The fifth full-length release from San Diego’s Cattle Decapitation, Monolith of Inhumanity continues the band’s ideological focus on animal cruelty, environmental destruction, and the stupidity of humanity for willingly digging its own (probably made of plastic) grave. The misanthropic lyrical content is matched by band’s willingness to toss unexpected sonic curveballs at the listener, with the album offering just over 40-minutes of progressive death metal/grindcore that demonstrates several stylistic tweaks. Many of these experiments are effective and welcome, though the downside is that they often come off as tangential one-off moments rather than consistent threads. To offer an example up front, second-to-last track “The Monolith” is an eerie and atmospheric mood-setter of a track, quite different from the rest of the album. It should serve as an effective signpost that on this outing Cattle Decapitation are going to move in unexpected directions. However, its strength is diminished by being hidden in the back end of the record. It’s one of the more frustrating aspects of what is, ultimately, a pretty good album.
The record starts off with “The Carbon Stampede,” which is to-the-point and grind-heavy enough to meet basic expectations. However, its fake-out shift in the track’s final seconds (which always sounds like a new track is beginning) is its highlight. However, by the time its groove has set in time the band is already moving on to “Dead Set On Suicide,” a fairly forgettable song that includes an obligatory-sounding audio clip of someone dying via self-managed hanging. “A Living Breathing Piece of Defecating Meat” is definitely the catchiest songs on the album, its hook being Travis Ryan‘s use of a pseudo-clean but still distorted singing style throughout the chorus. That vocal twist appears again most notably on “Lifestalker.” Middle tracks like “Gristle Licker,” “Forced Gender Reassignment,” and “Project Ovulation” come off as more like the “standard” Cattle Decapitation fare; they’re the bread-and-butter moments, and they don’t stand out as well in comparison to the more progressive moments. “Your Disposal” is suggestive of final track material in both name and music, and it acts that way despite things still to come (it even has a gratuitously long fade-out). As mentioned above, “The Monolith” is unique in its emotional punch and smouldering aggression. It paves the way for “Kingdom of Tyrants,” a song that as far as I’m concerned ensures that Cattle Decapitation won’t get lost in the broader family of bands into which they are often lumped. It would have been a gutsy track to pair with “The Monolith” as a kick-starter combo for the beginning of the album, but with things in the order that they are it’s still a helluva closing track.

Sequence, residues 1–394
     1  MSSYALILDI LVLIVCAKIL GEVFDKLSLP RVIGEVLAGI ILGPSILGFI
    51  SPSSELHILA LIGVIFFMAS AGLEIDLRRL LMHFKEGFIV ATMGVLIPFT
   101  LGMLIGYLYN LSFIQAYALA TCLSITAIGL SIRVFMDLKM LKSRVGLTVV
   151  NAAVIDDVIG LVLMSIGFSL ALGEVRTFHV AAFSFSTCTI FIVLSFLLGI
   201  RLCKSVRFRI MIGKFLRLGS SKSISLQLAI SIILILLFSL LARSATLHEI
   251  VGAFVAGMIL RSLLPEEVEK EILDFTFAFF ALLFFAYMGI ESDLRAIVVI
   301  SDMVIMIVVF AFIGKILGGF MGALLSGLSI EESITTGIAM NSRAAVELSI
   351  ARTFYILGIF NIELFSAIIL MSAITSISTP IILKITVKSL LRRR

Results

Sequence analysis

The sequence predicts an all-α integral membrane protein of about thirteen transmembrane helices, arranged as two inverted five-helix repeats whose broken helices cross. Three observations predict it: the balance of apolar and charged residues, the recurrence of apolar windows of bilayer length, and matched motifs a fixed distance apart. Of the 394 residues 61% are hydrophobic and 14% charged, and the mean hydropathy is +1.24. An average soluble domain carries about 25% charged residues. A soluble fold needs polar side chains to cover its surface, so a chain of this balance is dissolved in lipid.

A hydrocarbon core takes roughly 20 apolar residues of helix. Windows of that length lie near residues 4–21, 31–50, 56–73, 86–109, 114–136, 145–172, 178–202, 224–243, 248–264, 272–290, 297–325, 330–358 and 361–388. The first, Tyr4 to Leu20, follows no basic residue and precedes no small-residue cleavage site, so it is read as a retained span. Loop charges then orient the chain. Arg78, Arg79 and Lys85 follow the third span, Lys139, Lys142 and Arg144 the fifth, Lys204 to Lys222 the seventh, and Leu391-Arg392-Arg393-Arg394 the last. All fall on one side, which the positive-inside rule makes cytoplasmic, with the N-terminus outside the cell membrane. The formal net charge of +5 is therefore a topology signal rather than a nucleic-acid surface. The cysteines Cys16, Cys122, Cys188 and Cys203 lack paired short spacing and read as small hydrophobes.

Monolith of Inhumanity is the most notable of Cattle Decapitation’s releases so far, and its more progressive passages suggest possible future additions to the band’s traditional approach to things. They’re additions that I would be happy to see the band build on as they continue their climb up to broader recognizability and an increasingly unique ensemble sound.